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What does 'after' denote on a print title?



Marc Chagall, The Magic Flight, (L'Envolée Magique), lithograph, 1981


Sometimes you will note that a lithograph in our collection includes the parenthesis ‘after’ an artist’s name, as in the example from our collection here: (after) Marc Chagall, The Magic Flight, (L'Envolée Magique), lithograph, 1981.

Chagall’s exceptional career as a lithographer was greatly facilitated by his extensive artistic collaboration with Charles Sorlier, master-printmaker at the Atelier Mourlot, Paris. He in turn worked closely with Andre Maeght, owner of Galérie Maeght, who published Derriére le Miroir, in which many of the works were published.

After creating a composition, Chagall trusted Sorlier to retouch his lithographic stones and provide approval of quality. So familiar did Sorlier became with Chagall’s work – and Chagall became so confident of Sorlier’s talent – that Sorlier created a number of prints in a style “after” Chagall, i.e. interpretive designs of Chagall’s original paintings and gouaches.

Many other artists produced “after” prints in this manner as well, such as Georges Braque and Fernand Legér, both artists who are also collected by Modern Originals. They issued works that were made by the same professional printmakers that they worked with to produce their “original” editions.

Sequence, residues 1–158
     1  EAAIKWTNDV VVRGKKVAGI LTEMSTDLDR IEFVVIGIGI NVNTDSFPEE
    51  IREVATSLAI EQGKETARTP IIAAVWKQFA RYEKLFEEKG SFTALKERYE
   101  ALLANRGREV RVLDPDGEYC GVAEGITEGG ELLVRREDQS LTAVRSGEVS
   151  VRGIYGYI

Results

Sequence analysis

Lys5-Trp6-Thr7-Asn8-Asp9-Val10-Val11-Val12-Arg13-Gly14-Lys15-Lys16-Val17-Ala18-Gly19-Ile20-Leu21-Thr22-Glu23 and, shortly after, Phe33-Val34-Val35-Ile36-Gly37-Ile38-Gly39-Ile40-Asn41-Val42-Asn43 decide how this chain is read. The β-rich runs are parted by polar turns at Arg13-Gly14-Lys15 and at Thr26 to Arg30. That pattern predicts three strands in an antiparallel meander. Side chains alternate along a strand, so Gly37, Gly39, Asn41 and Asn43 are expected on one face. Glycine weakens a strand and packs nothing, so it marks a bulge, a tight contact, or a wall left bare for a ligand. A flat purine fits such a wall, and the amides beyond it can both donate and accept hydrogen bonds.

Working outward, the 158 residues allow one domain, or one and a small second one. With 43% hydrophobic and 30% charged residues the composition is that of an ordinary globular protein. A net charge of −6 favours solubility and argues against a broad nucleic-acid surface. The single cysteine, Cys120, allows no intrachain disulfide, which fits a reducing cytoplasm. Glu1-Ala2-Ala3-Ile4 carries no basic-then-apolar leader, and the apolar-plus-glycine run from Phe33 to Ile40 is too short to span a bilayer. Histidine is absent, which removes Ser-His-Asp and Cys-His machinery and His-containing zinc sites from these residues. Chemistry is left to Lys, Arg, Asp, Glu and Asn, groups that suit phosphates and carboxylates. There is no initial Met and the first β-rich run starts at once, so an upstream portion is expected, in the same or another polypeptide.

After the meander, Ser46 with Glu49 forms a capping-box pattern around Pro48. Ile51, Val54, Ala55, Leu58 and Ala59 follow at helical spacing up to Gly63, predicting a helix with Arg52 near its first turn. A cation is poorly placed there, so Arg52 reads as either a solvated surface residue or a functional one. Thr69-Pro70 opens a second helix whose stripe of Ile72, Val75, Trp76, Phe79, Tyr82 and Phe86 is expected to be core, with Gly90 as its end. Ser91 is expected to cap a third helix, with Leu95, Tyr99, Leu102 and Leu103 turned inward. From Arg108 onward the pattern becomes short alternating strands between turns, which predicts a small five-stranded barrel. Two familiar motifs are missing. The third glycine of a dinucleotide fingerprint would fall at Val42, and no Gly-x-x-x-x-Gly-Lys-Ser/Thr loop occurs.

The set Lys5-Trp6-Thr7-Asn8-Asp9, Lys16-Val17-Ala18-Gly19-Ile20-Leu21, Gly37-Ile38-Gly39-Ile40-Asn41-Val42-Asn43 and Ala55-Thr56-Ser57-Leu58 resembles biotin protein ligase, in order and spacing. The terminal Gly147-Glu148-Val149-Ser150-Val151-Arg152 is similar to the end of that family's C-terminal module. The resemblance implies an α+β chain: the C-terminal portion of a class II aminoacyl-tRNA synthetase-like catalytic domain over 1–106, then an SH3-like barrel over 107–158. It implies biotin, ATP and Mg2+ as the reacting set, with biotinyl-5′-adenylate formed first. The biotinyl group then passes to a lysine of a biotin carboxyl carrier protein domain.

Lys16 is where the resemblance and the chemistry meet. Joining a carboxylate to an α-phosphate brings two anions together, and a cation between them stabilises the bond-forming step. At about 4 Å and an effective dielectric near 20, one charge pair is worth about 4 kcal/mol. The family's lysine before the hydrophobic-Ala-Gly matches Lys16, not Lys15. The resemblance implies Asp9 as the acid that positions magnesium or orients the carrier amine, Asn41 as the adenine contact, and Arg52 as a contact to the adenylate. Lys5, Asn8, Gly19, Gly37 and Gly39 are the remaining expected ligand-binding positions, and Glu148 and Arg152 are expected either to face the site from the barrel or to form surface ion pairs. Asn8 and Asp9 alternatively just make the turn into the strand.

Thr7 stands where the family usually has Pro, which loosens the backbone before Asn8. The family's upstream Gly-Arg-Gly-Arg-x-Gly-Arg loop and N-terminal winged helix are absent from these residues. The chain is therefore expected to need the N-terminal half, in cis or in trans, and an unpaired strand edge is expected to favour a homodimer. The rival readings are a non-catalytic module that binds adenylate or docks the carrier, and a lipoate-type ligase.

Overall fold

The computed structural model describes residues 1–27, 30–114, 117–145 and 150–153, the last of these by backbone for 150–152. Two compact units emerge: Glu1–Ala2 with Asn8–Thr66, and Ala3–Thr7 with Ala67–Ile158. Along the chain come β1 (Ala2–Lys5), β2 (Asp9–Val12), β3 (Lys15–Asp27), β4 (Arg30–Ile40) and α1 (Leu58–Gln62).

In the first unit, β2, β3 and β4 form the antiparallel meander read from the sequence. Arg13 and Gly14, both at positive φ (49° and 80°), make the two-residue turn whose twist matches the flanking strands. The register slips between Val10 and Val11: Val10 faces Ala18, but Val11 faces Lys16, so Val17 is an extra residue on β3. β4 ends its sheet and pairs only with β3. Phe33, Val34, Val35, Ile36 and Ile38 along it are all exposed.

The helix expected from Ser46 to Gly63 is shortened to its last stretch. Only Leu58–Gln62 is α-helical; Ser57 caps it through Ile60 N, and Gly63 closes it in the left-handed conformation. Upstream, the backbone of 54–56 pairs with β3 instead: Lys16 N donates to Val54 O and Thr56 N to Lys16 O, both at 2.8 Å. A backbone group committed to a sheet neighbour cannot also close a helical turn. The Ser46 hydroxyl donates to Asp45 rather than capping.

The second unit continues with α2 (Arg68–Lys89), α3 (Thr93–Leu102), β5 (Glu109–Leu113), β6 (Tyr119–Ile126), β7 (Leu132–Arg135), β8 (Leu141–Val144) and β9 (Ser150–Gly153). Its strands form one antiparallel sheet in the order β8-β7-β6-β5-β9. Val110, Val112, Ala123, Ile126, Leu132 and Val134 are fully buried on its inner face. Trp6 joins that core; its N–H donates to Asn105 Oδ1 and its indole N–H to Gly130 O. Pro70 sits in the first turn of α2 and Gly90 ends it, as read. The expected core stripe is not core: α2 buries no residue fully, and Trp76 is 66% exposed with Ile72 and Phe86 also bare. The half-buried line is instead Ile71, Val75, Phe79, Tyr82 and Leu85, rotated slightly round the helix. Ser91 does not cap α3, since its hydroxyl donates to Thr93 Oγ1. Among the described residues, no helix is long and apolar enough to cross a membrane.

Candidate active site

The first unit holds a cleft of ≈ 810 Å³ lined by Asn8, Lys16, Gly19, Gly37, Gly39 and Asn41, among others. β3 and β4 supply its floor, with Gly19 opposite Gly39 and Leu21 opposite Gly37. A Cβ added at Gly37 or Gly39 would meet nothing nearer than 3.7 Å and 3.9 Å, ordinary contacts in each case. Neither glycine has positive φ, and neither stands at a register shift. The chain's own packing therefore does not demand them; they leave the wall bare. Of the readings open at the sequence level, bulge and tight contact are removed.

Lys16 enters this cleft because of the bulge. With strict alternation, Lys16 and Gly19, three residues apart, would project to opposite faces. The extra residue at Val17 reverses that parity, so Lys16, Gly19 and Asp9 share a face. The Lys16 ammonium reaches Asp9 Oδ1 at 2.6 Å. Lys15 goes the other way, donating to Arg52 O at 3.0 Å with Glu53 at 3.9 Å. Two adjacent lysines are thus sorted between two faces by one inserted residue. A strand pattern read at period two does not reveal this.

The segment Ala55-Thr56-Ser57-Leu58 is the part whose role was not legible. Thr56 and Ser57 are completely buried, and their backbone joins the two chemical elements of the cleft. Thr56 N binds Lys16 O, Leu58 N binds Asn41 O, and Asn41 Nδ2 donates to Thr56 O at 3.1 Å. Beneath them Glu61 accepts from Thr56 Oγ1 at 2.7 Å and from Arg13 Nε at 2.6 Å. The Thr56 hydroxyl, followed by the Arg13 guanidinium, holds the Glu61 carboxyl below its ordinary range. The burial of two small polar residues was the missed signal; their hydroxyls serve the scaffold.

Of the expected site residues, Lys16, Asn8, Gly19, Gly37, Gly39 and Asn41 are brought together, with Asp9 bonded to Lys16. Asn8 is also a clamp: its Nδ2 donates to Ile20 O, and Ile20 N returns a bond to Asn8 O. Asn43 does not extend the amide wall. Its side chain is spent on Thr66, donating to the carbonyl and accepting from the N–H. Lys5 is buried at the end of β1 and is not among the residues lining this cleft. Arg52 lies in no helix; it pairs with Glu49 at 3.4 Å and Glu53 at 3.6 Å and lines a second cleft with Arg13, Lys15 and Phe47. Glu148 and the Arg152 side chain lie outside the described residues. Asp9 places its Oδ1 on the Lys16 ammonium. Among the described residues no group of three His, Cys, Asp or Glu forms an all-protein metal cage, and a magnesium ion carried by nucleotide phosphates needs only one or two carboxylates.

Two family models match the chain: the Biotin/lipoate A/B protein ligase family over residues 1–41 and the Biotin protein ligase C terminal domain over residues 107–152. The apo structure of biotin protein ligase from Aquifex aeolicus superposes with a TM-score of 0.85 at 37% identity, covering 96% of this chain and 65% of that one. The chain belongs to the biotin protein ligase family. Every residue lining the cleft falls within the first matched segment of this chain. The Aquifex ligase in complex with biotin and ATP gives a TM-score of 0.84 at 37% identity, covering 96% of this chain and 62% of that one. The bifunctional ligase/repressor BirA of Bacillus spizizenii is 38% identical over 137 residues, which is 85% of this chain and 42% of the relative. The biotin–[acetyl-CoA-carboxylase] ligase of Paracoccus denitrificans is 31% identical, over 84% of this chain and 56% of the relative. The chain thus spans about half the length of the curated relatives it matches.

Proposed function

In Braque’s case, he collaborated with the printers throughout the process of making; he chose each image and which technique to use, directed the lithographer or engraver, and corrected and approved the proofs. By hand-signing the edition he authorised production of the work.

In Leger’s work, these “after” prints reproduced prominent, large colour paintings from earlier in the artist’s career –created before they had begun to utilise color printmaking techniques, and generally, from the mid-20th Century on – and were championed by print publishers as a means of extending the artists’ commercial output. Leger's works are authenticated by the artist actually signing them ‘in the stone’ before printing.

In other cases, the “after” prints were created by well-known artists. Jacques Villon, for instance, made many prints after artists such as Matisse and Picasso.

To find out more come and meet us and see our collection at our home and store, Slade House in Somerset, UK.

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